My next book, The Honor Cycle, will release later this summer. It’s a project I started years ago after God asked me to do something I thought was a bit strange. In prayer one morning, I sensed Him ask me to honor my father and go to college. It didn’t make any sense to me, because I knew I was called to full-time ministry. Bible School seemed the logical choice. The next fifteen years, however, would reveal that God was using my parents’ counsel to set me up for His best plan for my life.
Over the last decade, every aspect of my life has been profoundly impacted by the practice of honor. I realized that honor had actually propped open the door for me to receive something I desperately needed from my parents and mentors. It’s something I call blessing. The Honor Cycle is the flow of honor and blessing between generations. When properly cultivated, the Honor Cycle empowers families and societies to learn from their successes and failures, solve problems together and build a better future for generations to come.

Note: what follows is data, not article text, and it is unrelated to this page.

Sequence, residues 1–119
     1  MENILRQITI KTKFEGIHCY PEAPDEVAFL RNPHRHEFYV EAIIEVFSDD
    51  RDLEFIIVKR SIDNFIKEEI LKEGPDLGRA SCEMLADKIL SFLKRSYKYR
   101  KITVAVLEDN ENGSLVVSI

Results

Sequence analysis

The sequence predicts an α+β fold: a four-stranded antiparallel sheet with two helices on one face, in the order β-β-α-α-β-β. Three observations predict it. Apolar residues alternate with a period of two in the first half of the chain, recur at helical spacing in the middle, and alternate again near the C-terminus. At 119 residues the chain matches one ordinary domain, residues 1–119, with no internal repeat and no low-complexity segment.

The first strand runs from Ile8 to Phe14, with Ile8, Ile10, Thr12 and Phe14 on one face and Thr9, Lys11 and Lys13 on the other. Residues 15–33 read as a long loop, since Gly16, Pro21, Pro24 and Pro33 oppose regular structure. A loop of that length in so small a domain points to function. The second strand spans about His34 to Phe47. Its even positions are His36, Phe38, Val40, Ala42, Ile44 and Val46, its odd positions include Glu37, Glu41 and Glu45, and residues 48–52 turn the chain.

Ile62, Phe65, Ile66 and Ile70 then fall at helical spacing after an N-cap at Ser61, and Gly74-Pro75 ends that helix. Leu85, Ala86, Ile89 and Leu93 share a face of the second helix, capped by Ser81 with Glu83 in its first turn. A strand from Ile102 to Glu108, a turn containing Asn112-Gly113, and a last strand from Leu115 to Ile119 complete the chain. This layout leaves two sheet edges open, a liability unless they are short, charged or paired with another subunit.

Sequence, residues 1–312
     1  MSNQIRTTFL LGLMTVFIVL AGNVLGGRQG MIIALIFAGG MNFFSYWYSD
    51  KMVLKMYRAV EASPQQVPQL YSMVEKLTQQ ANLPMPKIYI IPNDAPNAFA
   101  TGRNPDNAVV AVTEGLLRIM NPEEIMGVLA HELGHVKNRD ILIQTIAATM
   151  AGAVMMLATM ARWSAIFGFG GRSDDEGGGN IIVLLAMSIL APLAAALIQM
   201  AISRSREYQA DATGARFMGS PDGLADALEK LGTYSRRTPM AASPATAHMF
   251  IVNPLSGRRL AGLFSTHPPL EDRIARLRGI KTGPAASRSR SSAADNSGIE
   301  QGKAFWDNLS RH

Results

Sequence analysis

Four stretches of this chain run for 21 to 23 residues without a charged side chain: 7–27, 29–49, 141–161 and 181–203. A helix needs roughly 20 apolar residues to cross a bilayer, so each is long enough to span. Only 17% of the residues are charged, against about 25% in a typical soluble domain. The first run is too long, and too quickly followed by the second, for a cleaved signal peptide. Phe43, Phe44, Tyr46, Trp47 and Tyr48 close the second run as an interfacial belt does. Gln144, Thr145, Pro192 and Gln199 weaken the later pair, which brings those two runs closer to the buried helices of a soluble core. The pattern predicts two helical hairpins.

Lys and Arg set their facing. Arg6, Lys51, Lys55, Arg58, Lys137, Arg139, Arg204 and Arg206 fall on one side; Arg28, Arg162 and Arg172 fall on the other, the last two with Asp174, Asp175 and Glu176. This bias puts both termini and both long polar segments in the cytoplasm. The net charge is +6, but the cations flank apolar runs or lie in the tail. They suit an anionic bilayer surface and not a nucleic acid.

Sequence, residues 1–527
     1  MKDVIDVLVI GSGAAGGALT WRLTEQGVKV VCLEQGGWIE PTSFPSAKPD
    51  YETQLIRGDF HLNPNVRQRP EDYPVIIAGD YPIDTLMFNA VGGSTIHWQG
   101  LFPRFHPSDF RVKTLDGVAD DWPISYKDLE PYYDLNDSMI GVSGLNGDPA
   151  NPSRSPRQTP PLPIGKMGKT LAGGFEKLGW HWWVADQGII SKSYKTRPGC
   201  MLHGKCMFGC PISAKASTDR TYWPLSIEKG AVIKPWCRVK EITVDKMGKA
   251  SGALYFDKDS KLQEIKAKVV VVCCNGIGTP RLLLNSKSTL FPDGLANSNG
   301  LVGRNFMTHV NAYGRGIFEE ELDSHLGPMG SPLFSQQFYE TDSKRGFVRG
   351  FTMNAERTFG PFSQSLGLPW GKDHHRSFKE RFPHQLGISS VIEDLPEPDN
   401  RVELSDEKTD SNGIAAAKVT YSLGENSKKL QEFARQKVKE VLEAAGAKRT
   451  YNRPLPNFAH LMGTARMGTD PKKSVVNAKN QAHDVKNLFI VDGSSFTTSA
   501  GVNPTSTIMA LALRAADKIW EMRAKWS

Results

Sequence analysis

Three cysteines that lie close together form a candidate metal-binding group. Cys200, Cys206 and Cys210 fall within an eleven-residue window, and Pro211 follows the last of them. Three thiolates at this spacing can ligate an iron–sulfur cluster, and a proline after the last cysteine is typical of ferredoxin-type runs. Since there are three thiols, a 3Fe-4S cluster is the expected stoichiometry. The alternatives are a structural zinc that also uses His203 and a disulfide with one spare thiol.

Questions The Honor Cycle answers:
How can I have a better relationship with my parents? (tweet)
I’m an adult now. Why should I listen to my parents? (tweet)
My parents don’t have a relationship with God. How can I honor them? (tweet)
My parents are controlling. What should I do? (tweet)
I don’t feel supported by my parents. How can I get them to understand me? (tweet)
How can I have a better relationship with my child? (tweet)
I’m finally an empty-nester! Why do I need to be so involved with my child? (tweet)